Letter of Captain Lloyd to Commodore Smith


I have inclosed you a copy of a letter I received last night.  Captain Haldane and Captain Millbank was then with me. I sent for Mr Dow.  We all thought it proper to send our boats mann'd and armed, as it was a very thick weather and (we) could not go to sea.  I gave the command of boats to Captain Haldane.  They put off about ten and returned this morning at eight.  The were told at Mr Fea's house that such people as described as landed, but they did not hear of there being come to that island.  As that Fea is a NOTORIOUS REBELL, Captains Haldane and Millbank and Mr Dow with my consent, before they went on duty, thought it our duty to destroy the said Fea's house, which would not only alarm the country, but hinder the rebells from attempting to come this way, which was accordingly done by burning it to the ground.

It is now a thick fog and calm.  We lye short, and wil sail the first opportunity and join Scarborough at Stromness, according to Captain Jeffreys' order, which I received yesterday afternoon.  So soon as I join Captain Jeffreys, and should the wind be out of the way or calm, I hope that we shall be able to serve Sir James Stewart the same trick.  Had Mr Dow been here before they would all (have) been demolished long before now. It is a great way by water from hence to Sir James' house, but little way from Stromness.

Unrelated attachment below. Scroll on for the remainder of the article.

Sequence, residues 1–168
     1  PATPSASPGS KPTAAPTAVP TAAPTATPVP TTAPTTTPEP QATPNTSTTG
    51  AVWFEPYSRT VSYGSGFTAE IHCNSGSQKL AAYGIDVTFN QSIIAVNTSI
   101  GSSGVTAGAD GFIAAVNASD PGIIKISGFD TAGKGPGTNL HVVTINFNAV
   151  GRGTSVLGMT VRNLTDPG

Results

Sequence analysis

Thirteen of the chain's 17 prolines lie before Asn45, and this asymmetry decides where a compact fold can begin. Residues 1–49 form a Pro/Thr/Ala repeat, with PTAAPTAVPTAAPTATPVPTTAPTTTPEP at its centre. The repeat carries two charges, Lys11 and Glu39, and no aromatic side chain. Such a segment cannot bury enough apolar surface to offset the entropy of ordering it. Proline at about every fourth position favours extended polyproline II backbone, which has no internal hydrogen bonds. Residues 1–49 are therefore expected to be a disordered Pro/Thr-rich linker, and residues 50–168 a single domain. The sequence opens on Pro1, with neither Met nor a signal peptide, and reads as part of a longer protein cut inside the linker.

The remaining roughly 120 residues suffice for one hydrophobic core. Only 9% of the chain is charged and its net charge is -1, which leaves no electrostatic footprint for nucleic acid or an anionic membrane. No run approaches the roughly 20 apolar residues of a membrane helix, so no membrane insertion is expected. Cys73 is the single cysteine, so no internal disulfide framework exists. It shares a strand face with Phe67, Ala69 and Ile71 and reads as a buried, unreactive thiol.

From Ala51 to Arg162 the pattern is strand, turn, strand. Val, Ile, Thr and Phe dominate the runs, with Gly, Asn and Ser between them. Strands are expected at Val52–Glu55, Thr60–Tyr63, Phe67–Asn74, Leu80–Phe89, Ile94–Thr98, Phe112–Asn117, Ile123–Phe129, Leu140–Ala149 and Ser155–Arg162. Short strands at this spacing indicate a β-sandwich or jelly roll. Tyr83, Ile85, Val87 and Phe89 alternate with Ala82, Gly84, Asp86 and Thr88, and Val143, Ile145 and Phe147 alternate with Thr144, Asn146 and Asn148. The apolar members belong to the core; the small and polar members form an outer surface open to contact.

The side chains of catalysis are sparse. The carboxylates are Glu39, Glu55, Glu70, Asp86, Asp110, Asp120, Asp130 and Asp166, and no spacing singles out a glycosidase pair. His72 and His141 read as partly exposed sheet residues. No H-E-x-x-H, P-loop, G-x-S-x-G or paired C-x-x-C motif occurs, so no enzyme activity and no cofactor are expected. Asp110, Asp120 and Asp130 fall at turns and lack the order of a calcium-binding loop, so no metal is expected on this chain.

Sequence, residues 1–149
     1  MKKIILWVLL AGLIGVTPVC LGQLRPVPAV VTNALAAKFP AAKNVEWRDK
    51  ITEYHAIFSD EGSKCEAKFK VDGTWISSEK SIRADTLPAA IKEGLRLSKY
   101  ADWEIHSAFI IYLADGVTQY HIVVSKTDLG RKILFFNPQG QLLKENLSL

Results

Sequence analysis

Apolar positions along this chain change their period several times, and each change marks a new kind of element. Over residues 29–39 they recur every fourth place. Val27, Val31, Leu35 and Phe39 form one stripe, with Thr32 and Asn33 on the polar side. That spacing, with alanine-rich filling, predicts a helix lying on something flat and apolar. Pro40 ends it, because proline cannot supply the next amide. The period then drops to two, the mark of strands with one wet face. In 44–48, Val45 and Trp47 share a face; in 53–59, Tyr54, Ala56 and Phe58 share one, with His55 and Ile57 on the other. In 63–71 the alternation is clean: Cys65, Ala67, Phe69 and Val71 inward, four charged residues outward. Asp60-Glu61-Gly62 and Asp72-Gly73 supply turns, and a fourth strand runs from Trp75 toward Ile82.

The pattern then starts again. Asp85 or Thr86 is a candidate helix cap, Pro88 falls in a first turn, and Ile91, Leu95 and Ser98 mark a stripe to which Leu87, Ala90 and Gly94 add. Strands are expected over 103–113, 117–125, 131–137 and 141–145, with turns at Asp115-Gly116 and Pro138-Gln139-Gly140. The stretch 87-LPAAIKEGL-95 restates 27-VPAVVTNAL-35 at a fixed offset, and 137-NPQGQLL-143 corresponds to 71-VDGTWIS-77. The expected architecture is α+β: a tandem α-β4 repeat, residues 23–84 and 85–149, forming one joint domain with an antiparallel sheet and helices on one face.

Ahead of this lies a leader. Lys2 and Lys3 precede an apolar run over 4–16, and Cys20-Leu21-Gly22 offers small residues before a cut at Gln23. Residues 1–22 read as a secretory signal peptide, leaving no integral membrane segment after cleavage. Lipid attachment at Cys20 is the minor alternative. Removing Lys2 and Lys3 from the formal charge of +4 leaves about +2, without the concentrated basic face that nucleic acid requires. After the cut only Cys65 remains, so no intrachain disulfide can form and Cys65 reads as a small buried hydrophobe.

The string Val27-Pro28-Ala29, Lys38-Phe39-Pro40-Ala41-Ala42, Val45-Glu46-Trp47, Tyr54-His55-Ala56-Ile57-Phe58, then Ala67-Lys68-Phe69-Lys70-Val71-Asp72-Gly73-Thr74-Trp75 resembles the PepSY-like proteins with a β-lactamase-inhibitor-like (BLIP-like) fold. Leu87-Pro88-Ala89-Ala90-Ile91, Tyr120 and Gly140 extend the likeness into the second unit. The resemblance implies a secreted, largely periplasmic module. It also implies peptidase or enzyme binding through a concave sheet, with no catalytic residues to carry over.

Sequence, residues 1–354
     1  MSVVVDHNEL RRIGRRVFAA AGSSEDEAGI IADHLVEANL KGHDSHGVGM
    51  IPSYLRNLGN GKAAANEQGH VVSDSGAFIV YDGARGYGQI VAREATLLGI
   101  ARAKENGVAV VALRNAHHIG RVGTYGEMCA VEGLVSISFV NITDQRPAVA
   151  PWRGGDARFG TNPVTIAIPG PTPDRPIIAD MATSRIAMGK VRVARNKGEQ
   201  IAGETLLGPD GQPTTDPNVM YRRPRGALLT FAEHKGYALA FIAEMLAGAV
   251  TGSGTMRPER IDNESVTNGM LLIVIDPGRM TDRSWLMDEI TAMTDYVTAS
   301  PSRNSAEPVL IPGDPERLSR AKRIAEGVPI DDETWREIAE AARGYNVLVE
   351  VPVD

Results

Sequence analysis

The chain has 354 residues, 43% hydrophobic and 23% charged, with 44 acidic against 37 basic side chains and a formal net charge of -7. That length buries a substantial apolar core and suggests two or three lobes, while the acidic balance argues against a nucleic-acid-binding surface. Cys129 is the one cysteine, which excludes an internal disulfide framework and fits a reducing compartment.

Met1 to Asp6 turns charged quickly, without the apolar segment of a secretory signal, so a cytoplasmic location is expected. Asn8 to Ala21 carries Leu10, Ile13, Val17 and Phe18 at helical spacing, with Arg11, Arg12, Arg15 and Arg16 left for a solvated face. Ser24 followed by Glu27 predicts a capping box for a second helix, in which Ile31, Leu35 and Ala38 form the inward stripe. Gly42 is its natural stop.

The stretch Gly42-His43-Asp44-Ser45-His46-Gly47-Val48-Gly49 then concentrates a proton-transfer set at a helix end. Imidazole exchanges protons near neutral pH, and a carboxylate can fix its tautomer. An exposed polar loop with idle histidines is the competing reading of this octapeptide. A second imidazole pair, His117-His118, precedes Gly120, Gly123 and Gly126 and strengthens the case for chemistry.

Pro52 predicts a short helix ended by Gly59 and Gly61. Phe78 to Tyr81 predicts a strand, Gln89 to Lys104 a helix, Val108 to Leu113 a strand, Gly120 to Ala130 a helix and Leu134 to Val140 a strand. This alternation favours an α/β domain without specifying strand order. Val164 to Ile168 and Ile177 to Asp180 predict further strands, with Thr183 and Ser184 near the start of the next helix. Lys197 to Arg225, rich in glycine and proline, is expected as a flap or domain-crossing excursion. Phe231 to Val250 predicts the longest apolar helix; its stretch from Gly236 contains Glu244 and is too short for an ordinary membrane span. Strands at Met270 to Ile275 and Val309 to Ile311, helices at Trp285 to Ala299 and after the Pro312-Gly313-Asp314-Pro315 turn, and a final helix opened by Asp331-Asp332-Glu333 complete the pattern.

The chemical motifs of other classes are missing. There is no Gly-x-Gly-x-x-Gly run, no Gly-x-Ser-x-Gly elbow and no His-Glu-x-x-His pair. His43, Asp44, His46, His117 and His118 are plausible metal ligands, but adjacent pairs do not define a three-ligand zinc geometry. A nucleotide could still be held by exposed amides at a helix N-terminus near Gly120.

I had account that Sir James Stewart wants to take up two men which he ordered on board a Spanish ship in January last as pilots from hence to Peterhead, who had men, money, and arms for the rebells, with an intent to send them out of the way or destroy them in some shape or other that they may not appear as evidence against him should he be taken up.  I have wrote to Captain Jeffreys and likewise to the Sheriff to apprehend the said men if possible and put them on board any of His Majesty's ships, where they may be found when wanted to condemn the said Sir James.  He is reckoned a very cunning man and keeps sharp lookout; but I hope to have him or at least destroy what he has, if time will permitt.

 I remain, with great respect, Sir,

Your most obedient humble servant.
J Lloyd
Glasgow, Deer Sound, May the 10th, 1746

From Orkney Feuds and the '45, R P Fereday, page 93